Signs, Signs, everywhere a sign.

Signs” was a pop music hit released in 1971 by the group, The Five Man Electrical Band. The song questioned the right of anyone to put up signs and make rules that interfere with nature.  Over 50 years later, It seems we still have signs everywhere to prohibit people from going places or doing things. Signs and rules are good when they keep us from being hurt or hurting someone else. But sometimes rules get in the way.

In Luke 6:1-11, we will discover that Jesus didn’t let rules stop Him from meeting needs and fixing hurts. There are two stories that happened on two separate Sabbath days.

Jesus in the Field.

Jesus’ disciples were hungry – a physical need. God had a rule that farmers had to keep some of their crops in the field for people to eat if they were hungry. It was called ‘gleaning.’ However, since this was the Sabbath, religious leaders made extra rules that made this illegal. God said to rest on the Sabbath, but there were 39 manmade rules that controlled work on the Sabbath. Four of those prohibited reaping, threshing, winnowing, and preparing food. Jesus and His disciples were considered guilty of doing all four and, thus, broke the Sabbath.

But Jesus went back to an event in David’s life from 1 Samuel 21. As the next anointed king of Israel, the current king tried to kill him. So he ran with some men and stopped at the Tabernacle to get supplies. The only food was the Show Bread that represented the presence of God. When David asked for it because they were hungry, the priest gave it to him. Human hunger was a higher priority than any ceremonial policy or rule.

Here’s the lesson: 

Rules should help us meet needs.

How do you know when you should break/bend the rules? I think Jesus gives us the answer. When confronted about breaking the Sabbath rules, Jesus had two superior rules:

  1. The authority of the Bible. If David could do it, so could He. What does the Bible say?
  2. The authority of the Jesus. Jesus appealed to His own authority, as the Lord of the Sabbath. Jesus claimed to have authority over any Sabbath rules, since as God, He made the original Sabbath rule. People can make all the rules they want, but Jesus has authority over all man-made rules. What does Jesus say?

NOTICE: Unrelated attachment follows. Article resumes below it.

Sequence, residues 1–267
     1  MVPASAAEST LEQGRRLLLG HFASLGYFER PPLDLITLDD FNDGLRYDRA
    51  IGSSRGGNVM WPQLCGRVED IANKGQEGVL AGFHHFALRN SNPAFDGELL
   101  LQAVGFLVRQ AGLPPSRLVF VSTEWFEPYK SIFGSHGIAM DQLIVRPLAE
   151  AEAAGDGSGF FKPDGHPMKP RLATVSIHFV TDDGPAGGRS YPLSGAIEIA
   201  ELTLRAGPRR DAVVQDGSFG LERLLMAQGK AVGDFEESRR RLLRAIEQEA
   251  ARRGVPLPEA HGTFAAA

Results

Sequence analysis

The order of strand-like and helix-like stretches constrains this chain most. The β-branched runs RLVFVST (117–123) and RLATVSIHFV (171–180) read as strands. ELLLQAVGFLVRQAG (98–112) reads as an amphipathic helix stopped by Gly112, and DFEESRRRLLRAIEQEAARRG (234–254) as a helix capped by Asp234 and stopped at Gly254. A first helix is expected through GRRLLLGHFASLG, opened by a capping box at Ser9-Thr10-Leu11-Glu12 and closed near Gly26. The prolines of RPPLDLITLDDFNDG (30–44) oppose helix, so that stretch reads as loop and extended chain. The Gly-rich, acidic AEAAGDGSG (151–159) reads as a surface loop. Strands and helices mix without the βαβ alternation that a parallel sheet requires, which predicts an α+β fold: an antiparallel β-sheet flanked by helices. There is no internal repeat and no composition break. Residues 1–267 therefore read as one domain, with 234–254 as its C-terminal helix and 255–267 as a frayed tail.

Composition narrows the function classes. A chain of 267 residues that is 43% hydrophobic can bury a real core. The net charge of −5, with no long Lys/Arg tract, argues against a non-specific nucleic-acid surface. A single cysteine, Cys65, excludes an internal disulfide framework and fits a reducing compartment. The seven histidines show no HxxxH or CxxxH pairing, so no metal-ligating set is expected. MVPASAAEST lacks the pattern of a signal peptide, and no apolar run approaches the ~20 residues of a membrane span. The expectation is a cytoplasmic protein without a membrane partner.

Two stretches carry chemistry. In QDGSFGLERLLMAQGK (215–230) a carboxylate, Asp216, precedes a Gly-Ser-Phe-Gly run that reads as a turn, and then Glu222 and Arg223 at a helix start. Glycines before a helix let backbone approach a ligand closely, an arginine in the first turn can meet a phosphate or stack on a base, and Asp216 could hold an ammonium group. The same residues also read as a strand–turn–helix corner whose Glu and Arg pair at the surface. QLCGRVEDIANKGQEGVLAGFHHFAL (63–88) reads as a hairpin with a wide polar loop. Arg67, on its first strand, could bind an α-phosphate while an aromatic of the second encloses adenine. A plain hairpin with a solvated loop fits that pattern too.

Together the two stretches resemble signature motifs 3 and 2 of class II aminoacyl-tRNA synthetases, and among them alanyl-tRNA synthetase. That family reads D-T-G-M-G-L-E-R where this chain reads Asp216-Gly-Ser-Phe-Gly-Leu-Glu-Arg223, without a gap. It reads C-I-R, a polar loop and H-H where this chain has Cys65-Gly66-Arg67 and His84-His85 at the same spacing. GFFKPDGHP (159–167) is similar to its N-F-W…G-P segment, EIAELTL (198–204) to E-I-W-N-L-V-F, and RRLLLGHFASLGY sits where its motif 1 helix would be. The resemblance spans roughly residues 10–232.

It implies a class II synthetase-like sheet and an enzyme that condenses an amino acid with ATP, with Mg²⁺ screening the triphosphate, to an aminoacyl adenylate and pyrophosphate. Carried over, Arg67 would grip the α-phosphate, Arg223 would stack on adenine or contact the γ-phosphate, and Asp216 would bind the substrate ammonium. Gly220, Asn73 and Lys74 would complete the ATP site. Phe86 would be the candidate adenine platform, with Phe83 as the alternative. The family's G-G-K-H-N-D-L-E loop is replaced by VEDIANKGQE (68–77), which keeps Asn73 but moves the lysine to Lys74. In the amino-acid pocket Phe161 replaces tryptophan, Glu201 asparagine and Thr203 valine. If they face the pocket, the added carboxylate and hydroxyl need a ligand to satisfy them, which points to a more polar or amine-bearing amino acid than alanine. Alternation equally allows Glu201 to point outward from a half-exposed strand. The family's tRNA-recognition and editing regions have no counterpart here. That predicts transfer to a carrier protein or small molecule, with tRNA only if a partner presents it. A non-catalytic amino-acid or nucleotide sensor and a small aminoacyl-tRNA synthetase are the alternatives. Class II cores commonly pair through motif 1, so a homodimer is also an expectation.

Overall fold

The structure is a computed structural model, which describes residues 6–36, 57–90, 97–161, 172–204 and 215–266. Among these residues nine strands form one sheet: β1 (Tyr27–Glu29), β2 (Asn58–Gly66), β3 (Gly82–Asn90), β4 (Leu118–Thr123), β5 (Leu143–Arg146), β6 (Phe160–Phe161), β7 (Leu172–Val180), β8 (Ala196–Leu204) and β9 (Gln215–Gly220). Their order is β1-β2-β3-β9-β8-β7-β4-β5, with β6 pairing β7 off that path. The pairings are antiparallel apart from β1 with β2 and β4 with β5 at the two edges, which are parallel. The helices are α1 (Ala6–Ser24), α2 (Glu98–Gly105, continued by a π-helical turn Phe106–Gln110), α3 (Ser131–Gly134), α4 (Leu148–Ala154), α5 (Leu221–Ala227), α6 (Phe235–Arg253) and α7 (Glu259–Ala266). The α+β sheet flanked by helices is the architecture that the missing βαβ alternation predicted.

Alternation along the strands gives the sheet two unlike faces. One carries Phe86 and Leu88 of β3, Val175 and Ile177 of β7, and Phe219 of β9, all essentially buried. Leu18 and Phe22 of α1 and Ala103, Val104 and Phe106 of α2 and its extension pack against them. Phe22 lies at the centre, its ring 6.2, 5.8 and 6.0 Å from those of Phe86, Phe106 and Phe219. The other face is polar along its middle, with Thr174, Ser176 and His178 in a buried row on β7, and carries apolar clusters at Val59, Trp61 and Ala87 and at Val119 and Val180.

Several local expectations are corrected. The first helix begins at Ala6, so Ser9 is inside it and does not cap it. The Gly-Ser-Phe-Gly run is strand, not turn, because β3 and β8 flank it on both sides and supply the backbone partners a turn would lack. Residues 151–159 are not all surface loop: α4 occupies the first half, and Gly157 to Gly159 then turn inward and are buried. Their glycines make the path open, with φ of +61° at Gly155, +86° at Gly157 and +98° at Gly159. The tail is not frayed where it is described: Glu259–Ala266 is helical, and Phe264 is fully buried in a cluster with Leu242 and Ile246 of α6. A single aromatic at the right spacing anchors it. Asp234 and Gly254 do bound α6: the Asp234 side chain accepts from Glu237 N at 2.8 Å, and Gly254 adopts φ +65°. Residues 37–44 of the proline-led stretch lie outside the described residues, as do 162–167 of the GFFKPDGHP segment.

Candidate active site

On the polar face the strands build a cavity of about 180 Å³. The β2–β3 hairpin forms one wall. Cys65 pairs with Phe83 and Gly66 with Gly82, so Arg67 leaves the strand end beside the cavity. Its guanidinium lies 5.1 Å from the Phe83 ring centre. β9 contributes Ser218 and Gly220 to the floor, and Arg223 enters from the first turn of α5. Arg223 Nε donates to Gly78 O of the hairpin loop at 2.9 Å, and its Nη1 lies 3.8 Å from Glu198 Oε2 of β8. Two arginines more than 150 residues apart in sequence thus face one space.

Beware of the limits placed on you that keep you from meeting people’s needs. Rather than a barrier, rules should make meeting people’s needs easier.

Jesus in the Synagogue.

On the Sabbath, Jesus meets a man with a paralyzed hand. This is the last confrontation Jesus had with the Pharisees. They had already objected to Jesus forgiving sins (5:17-26), associating with sinners (5:29-32), challenging traditions involving fasting (5:33-39), and Sabbath work (6:1-5). This story sums up the two approaches to rules. To Jesus rules were to promote loving God and other people. To the Pharisees rules were to promote them over others. We become more like Pharisees when we use rules to judge and condemn others. We are more like Jesus when we use rules to reach out to others in love.  A man had a withered hand. The Greek word is used of a dried up plant. Luke, the doctor, notices that it is his right hand. Jesus knows he is surrounded by Pharisees looking to condemn the healing. So he asks a simple question: Should we do good on the Sabbath? Refusing to do good means doing evil. There is no middle ground. In other words, “Your Sabbath may leave people hungry and hurting, but my kind of Sabbath is different. Jesus doesn’t do anything. He simply tells the man to put out his hand and it is healed. But the Pharisees were more interested in maintaining their rules and traditions than helping a man.